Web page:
| Caroline's Life on Camelot's Quiet Side |
Washington Post Staff Writer
Monday, July 19, 1999; Page C1 John F. Kennedy's daughter never sought the spotlight. But tragedy keeps dragging her there. Every time death claims a member of her famous American family, she is photographed in mourning, mentioned in news stories, commented on by commentators – but usually just in passing.
She lost her father to sniper fire before she was 6, her mother to cancer three decades later. And now her brother may have been killed in a plane crash. If that turns out to be true, Caroline Kennedy Schlossberg will be all alone, the last member of the 35th president's immediate family, the burden of custodianship all hers. Meaning custodianship of the JFK legacy.
No one ever brags about being alone. Tragic solitude can be crushing. The Kennedys' first child, a daughter, was stillborn 15 months before Caroline was born. What if she had lived? Caroline's little brother Patrick, born premature, died when she was 5, three months before their father was assassinated. What would he have become if he had lived?
Families everywhere know what it feels like to lose parents and siblings, to have death chip away chunks of your soul until what's left seems hardly worth having. But few know the experience of public families. And while Caroline knows the experience, she has never enjoyed being a public person. While other family members gathered at the Kennedy compound in Hyannis Port, where hordes of TV crews have camped for their stand-ups, Caroline reportedly was staying at a family property in Long Island.
She has tried to steer clear of that political dynasty stuff, carving out as best one can something that passes for normal life. She and her brother were always close. They would sometimes talk about their desire to find fulfillment amid the microscopic scrutiny that's a hand-me-down from Camelot. But only Caroline has been able to succeed, to answer her own phone and drop off her children at New York schools and generally carry on without being mobbed, which was not her brother's fate.
His fate was to be dubbed "The Sexiest Man Alive" by People magazine, to be stalked by the paparazzi, to launch a glitzy political magazine, in essence to always attract the most attention, even when they were kids, dating back to that memorable footage they keep showing on TV of him saluting his father's casket. Caroline romped in the White House, too, rode a pony on the grounds, but it is John-John's romps everyone talks about. American princes get talked about endlessly, even if they'd rather be left alone to toss Frisbees in the park. Caroline, on the other hand, is not an American princess in that Lady Di way.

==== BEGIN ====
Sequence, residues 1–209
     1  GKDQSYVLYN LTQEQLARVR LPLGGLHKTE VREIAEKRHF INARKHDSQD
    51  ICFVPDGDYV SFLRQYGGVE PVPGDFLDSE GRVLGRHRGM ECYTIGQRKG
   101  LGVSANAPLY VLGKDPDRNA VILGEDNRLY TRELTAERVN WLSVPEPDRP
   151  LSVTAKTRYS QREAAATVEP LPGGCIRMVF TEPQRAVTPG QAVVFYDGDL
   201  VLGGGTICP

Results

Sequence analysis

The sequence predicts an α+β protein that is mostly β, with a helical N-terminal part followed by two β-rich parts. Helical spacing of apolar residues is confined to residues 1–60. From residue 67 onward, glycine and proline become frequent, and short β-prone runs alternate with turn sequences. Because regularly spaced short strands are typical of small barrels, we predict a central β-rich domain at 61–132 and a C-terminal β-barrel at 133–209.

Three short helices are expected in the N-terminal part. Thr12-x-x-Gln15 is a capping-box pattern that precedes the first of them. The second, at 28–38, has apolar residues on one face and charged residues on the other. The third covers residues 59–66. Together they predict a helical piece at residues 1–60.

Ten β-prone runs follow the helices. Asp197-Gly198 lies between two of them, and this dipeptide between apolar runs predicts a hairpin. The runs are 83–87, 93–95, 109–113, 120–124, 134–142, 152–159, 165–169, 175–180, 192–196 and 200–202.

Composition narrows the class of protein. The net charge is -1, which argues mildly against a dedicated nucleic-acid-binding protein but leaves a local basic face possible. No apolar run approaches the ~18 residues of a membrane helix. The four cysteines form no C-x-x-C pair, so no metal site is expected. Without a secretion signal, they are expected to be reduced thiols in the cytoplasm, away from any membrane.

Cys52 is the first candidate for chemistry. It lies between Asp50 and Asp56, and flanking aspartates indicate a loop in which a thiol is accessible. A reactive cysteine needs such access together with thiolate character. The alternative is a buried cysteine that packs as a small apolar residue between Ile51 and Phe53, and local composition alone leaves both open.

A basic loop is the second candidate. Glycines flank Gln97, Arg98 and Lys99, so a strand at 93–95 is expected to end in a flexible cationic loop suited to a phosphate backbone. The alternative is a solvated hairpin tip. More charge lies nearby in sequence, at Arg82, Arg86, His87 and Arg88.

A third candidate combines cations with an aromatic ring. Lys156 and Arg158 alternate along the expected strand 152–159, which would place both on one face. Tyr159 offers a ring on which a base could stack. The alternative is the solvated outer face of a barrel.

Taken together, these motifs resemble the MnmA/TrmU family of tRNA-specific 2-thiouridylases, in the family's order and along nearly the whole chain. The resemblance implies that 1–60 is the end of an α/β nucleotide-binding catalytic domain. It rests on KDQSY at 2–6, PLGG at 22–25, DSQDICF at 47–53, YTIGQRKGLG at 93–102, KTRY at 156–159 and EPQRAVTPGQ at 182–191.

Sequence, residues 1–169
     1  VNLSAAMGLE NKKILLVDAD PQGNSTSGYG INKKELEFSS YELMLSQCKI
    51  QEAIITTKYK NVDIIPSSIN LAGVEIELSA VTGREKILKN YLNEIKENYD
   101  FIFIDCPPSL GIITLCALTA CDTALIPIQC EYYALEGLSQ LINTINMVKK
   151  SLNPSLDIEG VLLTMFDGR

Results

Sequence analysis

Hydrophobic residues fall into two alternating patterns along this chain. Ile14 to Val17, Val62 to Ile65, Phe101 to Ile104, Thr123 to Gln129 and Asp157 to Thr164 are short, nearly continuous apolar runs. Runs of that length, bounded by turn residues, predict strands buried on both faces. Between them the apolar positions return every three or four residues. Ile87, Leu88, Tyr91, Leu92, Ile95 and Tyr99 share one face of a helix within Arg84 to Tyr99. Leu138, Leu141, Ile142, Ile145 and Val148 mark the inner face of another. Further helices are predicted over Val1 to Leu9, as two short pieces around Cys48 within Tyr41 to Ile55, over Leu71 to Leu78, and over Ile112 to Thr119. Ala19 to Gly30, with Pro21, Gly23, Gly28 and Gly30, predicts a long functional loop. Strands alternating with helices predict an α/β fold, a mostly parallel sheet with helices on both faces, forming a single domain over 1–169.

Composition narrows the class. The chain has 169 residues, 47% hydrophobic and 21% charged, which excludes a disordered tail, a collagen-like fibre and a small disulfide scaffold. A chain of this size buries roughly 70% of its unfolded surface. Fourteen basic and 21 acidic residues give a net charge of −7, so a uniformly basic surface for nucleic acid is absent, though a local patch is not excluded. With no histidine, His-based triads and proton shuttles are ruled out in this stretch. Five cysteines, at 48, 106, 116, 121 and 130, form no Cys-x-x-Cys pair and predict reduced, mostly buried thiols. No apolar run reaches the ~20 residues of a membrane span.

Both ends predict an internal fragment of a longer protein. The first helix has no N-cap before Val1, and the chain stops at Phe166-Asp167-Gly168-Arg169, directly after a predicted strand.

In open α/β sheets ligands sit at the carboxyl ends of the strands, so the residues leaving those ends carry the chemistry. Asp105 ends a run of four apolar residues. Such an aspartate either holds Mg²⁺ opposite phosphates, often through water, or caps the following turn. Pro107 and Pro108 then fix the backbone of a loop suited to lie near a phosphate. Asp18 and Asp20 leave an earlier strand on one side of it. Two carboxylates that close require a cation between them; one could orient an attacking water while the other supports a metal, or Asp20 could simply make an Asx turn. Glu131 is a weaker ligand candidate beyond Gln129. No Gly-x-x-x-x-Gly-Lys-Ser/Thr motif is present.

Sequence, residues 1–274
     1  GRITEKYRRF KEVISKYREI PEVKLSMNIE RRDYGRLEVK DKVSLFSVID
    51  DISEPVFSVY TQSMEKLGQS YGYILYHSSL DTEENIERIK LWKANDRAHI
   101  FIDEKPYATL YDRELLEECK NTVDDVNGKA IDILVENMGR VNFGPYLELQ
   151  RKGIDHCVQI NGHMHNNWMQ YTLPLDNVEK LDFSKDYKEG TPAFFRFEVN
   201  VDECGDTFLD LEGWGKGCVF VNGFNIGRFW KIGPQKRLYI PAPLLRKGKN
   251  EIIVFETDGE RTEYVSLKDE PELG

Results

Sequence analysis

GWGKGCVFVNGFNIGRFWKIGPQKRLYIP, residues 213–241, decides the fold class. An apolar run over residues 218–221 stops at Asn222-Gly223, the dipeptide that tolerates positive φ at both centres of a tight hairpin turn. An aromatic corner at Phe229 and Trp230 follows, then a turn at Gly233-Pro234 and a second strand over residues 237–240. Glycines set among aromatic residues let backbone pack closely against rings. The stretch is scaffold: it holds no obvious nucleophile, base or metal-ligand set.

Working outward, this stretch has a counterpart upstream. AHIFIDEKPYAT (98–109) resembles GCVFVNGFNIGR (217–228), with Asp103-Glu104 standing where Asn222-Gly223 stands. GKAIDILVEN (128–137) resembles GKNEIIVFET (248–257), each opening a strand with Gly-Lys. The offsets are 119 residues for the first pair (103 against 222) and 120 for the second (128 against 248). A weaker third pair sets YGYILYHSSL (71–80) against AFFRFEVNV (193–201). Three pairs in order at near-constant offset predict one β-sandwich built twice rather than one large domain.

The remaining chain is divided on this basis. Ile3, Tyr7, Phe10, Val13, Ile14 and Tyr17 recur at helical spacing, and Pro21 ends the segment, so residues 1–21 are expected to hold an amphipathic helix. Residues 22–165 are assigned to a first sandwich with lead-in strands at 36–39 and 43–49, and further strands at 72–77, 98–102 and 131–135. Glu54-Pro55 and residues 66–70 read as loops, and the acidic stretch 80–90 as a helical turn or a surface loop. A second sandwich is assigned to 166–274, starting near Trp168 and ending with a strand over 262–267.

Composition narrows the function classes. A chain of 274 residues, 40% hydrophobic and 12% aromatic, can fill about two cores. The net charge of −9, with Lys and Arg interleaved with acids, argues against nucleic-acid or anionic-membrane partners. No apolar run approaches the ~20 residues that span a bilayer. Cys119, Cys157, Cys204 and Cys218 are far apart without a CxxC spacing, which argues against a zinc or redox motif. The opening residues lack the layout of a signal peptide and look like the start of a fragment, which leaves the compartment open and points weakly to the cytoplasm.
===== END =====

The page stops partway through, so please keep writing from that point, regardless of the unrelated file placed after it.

Just five years ago, at the invitation of the Clintons, she made her first appearance at a Kennedy Center Honors gala. At a White House reception beforehand, many of Washington's elite didn't seem to even recognize her. She is not a political creature, though she has been willing to lend her name to causes she believes in – like the unsuccessful effort to defeat an anti-affirmative action initiative in Washington state last year.
She is more her mother's daughter, it seems, minus the worldly adoration. Like the late Jacqueline Bouvier Kennedy Onassis, Caroline has gravitated toward high culture rather than politics. She onced worked at the Metropolitan Museum of Art. She turned down an offer to be chairwoman of the 1992 Democratic National Convention. And how many people ever do that? After her mother died in 1994, she assumed her role as honorary chairwoman of the American Ballet Theater.
Her husband, who is 13 years her senior, is Edwin Schlossberg, designer of museum interiors and theme park exhibits. He, too, is a private man. For a while, even after marrying into the famous family in 1986, he gave no interviews at all. He was described in House and Garden in 1988 as "elusive." Private and elusive, however, do not mean opposed to a good time. The couple joined Mary Steenburgen and Ted Danson in celebrating President Clinton's 51st birthday at a Martha's Vineyard clambake. They even hosted the Clintons themselves for dinner on the Vineyard. And after John Kennedy and Carolyn Bessette were married, guess who threw a glamorous, star-studded, Park Avenue party for the newlyweds?
Given the social role she has played as a Kennedy, the functions she gets invited to, the dinners she is asked to chair, it is interesting how seriously she has pursued the right of privacy.
An attorney who graduated from the Columbia University School of Law, she has co-written two books on the subject with her friend and law school mate Ellen Alderman. The first was titled "In Our Defense: The Bill of Rights in Action." The second, "The Right to Privacy," focused on the legal definition of privacy, exploring such practices as strip searches, release of medical data and employer snooping on workers' phone conversations.
Caroline was willing to discuss the issues raised in her books with reporters, but not her personal issues with privacy. What did she think of her mother's relationship with Aristotle Onassis? The drugs and scandals of Kennedy clan members? Questions like that are not her kind of questions.
If Caroline, now 41, is to be the guardian of the JFK name, she has already demonstrated she is up to the task. She spent several difficult months in the public eye trying to settle her mother's $200 million estate. And last year, she and her brother went public in an auction dispute and let the world know they did not appreciate the fact that Evelyn Lincoln, President Kennedy's secretary, had taken for herself "intensely personal" pieces of memorabilia that belonged to their father.
"It is now clear that Mrs. Lincoln took advantage of her position as our father's secretary," wrote the Kennedy children, who added that the items "now belong to our family, to history and to the American people."